Similar questions could be asked about other social issues such as why are people racist? Why do people abuse children? Why does child molestation occur? These are hard questions to answer because what could drive things that are so terrible? Even if you had an answer, there wouldn’t be one that would satisfy the question.
As far as COVID-19, this has blown up into a political nightmare for the U.S. and we are in a period of confusion where people are willing to take extreme measures just to support their political party. In other cases, people want easy access to information and news networks are there to deliver it no matter how that information is translated. Outside of bad media, there is money to be made in propaganda. As long as there is money in propaganda, there will always be disinformation.
There are people that are also simply in denial and whatever doesn’t affect them also doesn’t really exist. Then there are those that just want to cause chaos. Those that just want to start trouble and drag other people down.
Other issues and how to address them
"COVID was created as a biological weapon…"
The Pew Research Center published an article April 8, 2020 that 3 in 10 believe COVID-19 was made in a lab. But majority of the way through 2021 it still seems to be debated. If there were a deliberate attempt to start biological warfare, it would be more beneficial to use a biological agent that would infect food and water supplies as communities fell deathly ill.
This was also debunked in two ways; genetic sequencing indicated that the virus has the natural origins as a zoonotic virus. Additionally, a WHO team that directly investigated the origins of the virus, traced the virus to the Huanan Seafood Market in Wuhan, China. The market sold fresh and frozen animals and many of the earliest infections were in people who had visited it. Ultimately, the market acquired its merchandise through farmed wild animals through the wildlife trade.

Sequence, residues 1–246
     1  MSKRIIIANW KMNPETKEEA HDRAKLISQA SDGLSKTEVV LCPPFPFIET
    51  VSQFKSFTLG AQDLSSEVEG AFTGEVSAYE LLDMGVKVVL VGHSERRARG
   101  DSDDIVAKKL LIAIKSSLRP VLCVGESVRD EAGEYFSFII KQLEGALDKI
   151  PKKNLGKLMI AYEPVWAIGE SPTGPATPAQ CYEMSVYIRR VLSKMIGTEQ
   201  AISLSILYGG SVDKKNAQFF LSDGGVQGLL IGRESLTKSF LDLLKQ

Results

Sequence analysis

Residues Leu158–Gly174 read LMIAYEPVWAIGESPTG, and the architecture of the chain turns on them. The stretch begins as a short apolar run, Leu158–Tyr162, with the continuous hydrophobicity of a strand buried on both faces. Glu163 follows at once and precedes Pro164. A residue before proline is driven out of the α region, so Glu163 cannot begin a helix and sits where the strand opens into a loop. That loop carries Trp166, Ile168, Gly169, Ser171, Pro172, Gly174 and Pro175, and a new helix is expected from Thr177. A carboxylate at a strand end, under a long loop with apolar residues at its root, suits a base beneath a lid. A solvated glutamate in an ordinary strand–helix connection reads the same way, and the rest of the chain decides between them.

"There isn’t enough information about the vaccine to trust it…"
This is simply NOT true. All the data that I presented is just the beginning of data acquired about the vaccines. This is not an excuse to get vaccinated, and its simply untrue. There was less public information on the vaccines that cured smallpox and polio.
"You can still catch and transmit the virus even if you are vaccinated…"
This generally goes with the conspiracy that the vaccinated are “super spreaders”. The vaccine, while it isn’t 100% effective, the CDC, WHO, Mayo Clinic, FDA, and other reliable sources reflect that the vaccine greatly reduces the chances of hospitalization due to COVID-19 and is 98% effective in reducing death due to COVID-19 with a 60%-80% probability that a vaccinated individual won’t transmit the virus and transmission of the virus is only possible for a short period of time.
A non-vaccinated person is 10x more likely to be hospitalized, spreads the virus more easily and for a longer period of time.
Did you find this useful?
I want to spread awareness of the vaccine and COVID-19 because it’s not something that we should fear but it is something that we should take seriously. Those that live in fear choose not to get vaccinated because they are misled to believe that the vaccine is some sort of control tactic. I encourage people to use the correct resources and understand the science of the matter.
Look out for more content pertaining to the Vaccine Mandate as I dig into the implications, what it encompasses, and why it’s not breaking constitutional rights.